A scene from WOOD CHOPPERS, directed by Paul Terry for Pathé Exchange.

Wood Choppers (1929, Paul Terry)

Wood Choppers is not a good cartoon. The animation is weak and director Terry’s approach to the cartoon’s reality is anything goes. Dogs resurrect themselves after being turned into sausages and mice are able to reattach their heads and morph their tails into anything they can imagine.

It’s exceptionally lazy.

But there’s something amazing about it–just how little Terry cares for making any sense. He spends about half the cartoon setting up the elaborate setting. Cats, mice and dogs live in this town where the industry is logging and the mice play on the logs. It has nothing to do with the action of the cartoon, which is a cat chasing a mouse.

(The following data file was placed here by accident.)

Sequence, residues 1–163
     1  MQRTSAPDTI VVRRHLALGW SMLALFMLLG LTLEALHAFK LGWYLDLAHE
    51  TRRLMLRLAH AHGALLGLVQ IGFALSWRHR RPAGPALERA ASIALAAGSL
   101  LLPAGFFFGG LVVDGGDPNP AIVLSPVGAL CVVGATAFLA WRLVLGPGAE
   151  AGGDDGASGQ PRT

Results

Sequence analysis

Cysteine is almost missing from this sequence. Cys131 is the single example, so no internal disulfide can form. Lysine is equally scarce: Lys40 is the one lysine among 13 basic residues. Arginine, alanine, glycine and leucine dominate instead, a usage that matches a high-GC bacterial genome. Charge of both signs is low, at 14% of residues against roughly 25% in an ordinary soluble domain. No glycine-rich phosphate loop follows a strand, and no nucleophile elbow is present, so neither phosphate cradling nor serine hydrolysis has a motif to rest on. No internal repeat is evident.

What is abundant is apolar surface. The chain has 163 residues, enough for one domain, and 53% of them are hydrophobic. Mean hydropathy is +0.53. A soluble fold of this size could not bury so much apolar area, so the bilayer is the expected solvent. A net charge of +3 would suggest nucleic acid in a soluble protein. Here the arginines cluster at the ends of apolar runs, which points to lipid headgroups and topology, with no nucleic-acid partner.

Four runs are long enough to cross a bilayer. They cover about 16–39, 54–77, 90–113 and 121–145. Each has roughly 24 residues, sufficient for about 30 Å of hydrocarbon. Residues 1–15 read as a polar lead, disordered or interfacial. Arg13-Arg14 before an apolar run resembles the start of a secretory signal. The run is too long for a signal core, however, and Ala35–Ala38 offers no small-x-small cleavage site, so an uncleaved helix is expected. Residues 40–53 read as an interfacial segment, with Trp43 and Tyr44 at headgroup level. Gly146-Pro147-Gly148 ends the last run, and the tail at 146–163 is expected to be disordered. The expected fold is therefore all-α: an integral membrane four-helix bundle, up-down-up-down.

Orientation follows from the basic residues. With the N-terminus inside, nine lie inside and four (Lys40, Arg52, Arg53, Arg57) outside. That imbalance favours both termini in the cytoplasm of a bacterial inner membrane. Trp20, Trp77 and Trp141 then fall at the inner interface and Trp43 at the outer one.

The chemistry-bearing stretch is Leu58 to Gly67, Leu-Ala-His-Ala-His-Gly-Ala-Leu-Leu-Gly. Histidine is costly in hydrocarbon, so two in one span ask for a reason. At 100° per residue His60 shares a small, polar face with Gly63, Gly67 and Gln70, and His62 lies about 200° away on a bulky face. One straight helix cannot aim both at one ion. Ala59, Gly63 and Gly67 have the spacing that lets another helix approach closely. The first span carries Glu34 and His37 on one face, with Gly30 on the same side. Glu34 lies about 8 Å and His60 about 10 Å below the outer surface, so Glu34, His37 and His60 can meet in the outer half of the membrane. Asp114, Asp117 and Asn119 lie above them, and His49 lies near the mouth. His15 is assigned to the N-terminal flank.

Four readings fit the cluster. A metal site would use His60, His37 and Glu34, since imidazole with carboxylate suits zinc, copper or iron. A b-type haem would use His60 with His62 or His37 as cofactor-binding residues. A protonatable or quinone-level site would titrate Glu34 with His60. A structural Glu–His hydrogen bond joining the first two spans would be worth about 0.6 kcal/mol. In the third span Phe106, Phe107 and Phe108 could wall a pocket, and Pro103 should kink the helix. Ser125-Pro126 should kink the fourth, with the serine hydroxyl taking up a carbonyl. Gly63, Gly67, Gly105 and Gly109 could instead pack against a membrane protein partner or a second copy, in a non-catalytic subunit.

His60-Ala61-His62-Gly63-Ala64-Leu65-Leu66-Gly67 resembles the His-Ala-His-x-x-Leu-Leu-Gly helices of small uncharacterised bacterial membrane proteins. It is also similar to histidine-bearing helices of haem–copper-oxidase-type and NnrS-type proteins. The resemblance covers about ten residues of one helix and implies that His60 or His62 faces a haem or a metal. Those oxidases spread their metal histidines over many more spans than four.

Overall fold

The logging does come back at the end, after the cat’s disappeared, and the whole cartoon’s now a romance between mice.

Wood Choppers is gloriously nonsensical. Sadly, the animation’s not good enough to make it worthwhile.

1/3Not Recommended

CREDITS

Directed by Paul Terry; produced by Terry and Amadee J. Van Beuren; released by Pathé Exchange.

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